School vouchers, funding hot topics for educators in legislative session
Jan. 4, 2013 at 7:04 p.m.
Updated Jan. 4, 2013 at 7:05 p.m.
Vouchers, teachers' retirement and state funding are the topics area educators will be watching closely to see how the Legislature handles.
As far as private school vouchers are concerned, Victoria School Board President Tami Keeling described the program as a disservice to public education.
State Sen. Dan Patrick, R-Houston, the newly appointed chairman to the state's education committee, has actively campaigned to give parents the choice of using public monies for private or charter school tuition.
"Public dollars should not be going to private entities, and if they are, they should be held to the same standards," Keeling said. "I have big questions about the monitoring of those funds."
The vouchers would put about $5,000 into the pockets of families with children at tending private, charter or faith-based schools.
For the 2012-13 academic school year, tuition is $8,750 at St. Joseph High School, a private Catholic school in Victoria.
"I certainly am in favor of choice of schools," said St. Joseph High School Principal William H. McArdle, in October.
If the voucher system was passed, it would be important to see what the ramifications would be, he added.
"As a faith-based school, we would never want to change our mission," McArdle said. "We're certainly blessed to have students from homes where education is a priority."
Since Dec. 9, 2011, the Calhoun County school district has been tangled up in a lawsuit over the current system of wealth equalization, often referred to as recapture, or Robin Hood.
The recapturing systems requires wealthy counties to redistribute their wealth to other counties in need.
It's a system that has frustrated wealthy county taxpayers who want their money to stay at their schools.
Calhoun took the spot as lead plaintiff on the case, representing more than 540 school districts in the state.
Calhoun schools Superintendent Billy Wiggins said the current system makes it difficult to increase the tax rates locally.
Wiggins said he does not believe the voters in Calhoun County would support an increase in taxes that would result in more money being lost to the state.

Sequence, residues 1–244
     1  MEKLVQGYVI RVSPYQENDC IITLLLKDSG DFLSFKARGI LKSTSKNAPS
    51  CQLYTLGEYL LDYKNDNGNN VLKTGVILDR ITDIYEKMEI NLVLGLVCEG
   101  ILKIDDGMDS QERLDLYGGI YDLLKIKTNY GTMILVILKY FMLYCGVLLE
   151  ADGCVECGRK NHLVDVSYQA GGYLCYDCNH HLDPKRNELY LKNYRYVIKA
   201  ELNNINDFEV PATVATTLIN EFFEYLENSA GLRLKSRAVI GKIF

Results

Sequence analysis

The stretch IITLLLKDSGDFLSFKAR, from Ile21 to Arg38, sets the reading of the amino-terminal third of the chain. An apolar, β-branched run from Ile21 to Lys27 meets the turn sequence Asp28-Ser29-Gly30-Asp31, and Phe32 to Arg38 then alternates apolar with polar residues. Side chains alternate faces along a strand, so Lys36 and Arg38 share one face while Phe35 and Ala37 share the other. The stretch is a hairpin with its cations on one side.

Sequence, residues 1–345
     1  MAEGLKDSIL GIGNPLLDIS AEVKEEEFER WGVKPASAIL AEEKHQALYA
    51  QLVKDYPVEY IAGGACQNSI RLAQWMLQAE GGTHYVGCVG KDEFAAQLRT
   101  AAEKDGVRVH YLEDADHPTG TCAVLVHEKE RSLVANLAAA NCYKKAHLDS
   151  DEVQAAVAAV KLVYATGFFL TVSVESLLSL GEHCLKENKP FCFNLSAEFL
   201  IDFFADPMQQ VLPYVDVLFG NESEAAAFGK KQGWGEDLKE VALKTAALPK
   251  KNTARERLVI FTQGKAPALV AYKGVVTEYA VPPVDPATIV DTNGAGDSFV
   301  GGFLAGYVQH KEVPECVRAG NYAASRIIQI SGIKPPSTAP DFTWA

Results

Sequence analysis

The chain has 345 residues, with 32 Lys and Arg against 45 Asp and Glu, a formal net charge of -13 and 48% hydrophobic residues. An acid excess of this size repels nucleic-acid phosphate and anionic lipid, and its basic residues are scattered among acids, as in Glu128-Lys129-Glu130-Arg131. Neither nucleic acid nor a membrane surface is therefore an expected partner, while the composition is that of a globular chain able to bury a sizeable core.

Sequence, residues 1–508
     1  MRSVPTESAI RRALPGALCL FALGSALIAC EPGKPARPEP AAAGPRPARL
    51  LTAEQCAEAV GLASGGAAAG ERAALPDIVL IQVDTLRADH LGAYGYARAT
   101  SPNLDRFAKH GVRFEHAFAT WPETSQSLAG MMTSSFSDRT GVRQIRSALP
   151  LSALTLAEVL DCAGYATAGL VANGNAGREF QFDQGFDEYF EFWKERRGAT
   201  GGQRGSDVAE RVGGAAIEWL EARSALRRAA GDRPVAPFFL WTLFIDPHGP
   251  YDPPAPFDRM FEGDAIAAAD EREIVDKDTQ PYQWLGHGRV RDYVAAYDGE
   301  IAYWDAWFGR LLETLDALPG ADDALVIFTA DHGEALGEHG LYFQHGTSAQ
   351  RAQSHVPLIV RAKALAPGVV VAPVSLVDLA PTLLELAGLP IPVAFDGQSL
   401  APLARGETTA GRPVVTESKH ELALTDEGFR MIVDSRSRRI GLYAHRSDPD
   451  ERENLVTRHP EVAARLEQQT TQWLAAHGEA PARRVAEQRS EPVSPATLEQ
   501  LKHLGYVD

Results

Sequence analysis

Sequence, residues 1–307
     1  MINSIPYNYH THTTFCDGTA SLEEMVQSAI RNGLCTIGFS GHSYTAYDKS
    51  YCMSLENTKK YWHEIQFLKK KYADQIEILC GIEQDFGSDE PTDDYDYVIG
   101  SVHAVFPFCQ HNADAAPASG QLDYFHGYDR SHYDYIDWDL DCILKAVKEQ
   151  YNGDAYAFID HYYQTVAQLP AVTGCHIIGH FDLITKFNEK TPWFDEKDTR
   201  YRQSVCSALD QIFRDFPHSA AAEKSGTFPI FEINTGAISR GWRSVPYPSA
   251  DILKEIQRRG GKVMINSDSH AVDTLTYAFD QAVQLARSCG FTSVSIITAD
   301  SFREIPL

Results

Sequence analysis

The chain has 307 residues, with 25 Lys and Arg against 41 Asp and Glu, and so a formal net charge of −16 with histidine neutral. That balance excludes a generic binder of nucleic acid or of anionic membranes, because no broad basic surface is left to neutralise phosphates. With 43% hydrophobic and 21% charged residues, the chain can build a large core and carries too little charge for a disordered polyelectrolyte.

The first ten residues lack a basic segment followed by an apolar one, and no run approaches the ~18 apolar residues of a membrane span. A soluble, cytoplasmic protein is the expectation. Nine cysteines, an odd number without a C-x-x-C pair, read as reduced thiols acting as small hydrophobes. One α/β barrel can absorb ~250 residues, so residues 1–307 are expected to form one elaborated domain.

Fifty percent of what is collected in district taxes would go back to the state, Wiggins said.
"I'd like to see better student-to-teacher ratios in our schools," Wiggins said. "But the community doesn't believe in losing more money to the state."
School funding talks in the legislature are on hold until the ongoing lawsuits come to a close.
"We're expecting it should all be over by the end of January," Wiggins said.
Threats to the Teacher Retirement System were made in the 2011 legislative session by a Houston-based campaign called "Texans for Public Pension Reform."
The organization called for reform of teachers' pension plans, where the state matches each contribution made by a public school district employee each month.
"We need to make sure nobody messes with it," said Victoria Superintendent Robert Jaklich. "While there are no bills filed against TRS, we want to make sure we're being proactive."
The average annual state employee benefit is $17,526, and the average annual teacher benefit is $22,764, slightly higher to account for the fact that most teachers do not get to participate in Social Security, according to a March article in the Houston Chronicle.
The superintendent said he sees retaining TRS as a way of attracting good, long-term teachers into the public education system.
Rumblings of cuts to the state's regional education service centers also has the superintendent's attention.
In the last legislative session, $5.4 billion was cut from Texas public schools - a cut that has now put campuses at risk with the possibility of cuts to regional service centers, said Jaklich.
The Region III Education Service Center, which serves 40 school districts, aids the district with its online grading system, payroll, curriculum instruction, special education training and staff development.
"Their support is vital," Jaklich said. "It would be really hard for school districts to afford all these services on their own."
The state's new standardized testing system, the State of Texas Assessments of Academic Readiness, is another point of contention for educators across the state.
Keeling said while she personally doesn't have a problem with rigorous testing, the score reporting structure behind the exams is far too complex.
"The rollout of the STAAR exams have been a bureaucratic nightmare," Keeling said. "The implementation has come to a great cost to the district that the state does not pay for."
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